Also from this laboratory, there is Frama-C, which is available too since it’s Open Source. Frama-C is a research prototype to which the experimentation of new ideas has shifted (while Caveat is still being maintained for Airbus and any industrial user who requires it). Frama-C is more of a framework for static analyzers than a static analyzer per se. The analyzers that have been developed in Frama-C so far rely on various techniques but they are all without false negatives. Some of these analyzers are now reliable enough to be considered for R&D experimentation. Caveat was a research prototype too at the time Airbus decided to use it in production and to make it part of its certification process. Whether or not the tool you intend to use comes in a cardboard box, you will have to explain the measures you took to ensure that it was the right tool to use for what you were using it for. What it is called matters less than the measures you took.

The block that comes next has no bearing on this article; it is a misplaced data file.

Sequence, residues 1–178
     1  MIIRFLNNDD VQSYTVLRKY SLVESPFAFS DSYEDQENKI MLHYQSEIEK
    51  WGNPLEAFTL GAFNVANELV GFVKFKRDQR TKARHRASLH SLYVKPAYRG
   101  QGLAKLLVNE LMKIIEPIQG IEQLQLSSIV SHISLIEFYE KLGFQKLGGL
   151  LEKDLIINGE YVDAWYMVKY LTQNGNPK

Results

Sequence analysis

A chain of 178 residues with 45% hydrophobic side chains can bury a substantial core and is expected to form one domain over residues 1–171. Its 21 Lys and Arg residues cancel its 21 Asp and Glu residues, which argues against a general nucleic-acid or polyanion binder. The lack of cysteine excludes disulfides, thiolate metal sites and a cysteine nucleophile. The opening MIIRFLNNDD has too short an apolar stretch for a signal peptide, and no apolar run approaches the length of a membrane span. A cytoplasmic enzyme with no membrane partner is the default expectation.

The second statement from the article I disagree with is that “static analysis is intended to supplement and improve the effectiveness of existing best practices in testing. It should not be thought of as a substitute for device developers’ current testing activities”. Of course, if you are using a bug-finding static analyzer with false negatives, you will have a hard time justifying why you removed a single test from those you would have done without the analyzer. Such a tool is most useful in the debugging phase, to identify and remove bugs as quickly as possible, not in the verification phase of a process subject to certification. But when Airbus used Caveat for the A380, it was precisely in substitution to existing unit tests. The fact that Caveat is designed not have false negatives was one of the arguments in the validation of Caveat as a verification tool to establish the properties that were previously guaranteed by these unit tests, with the required confidence.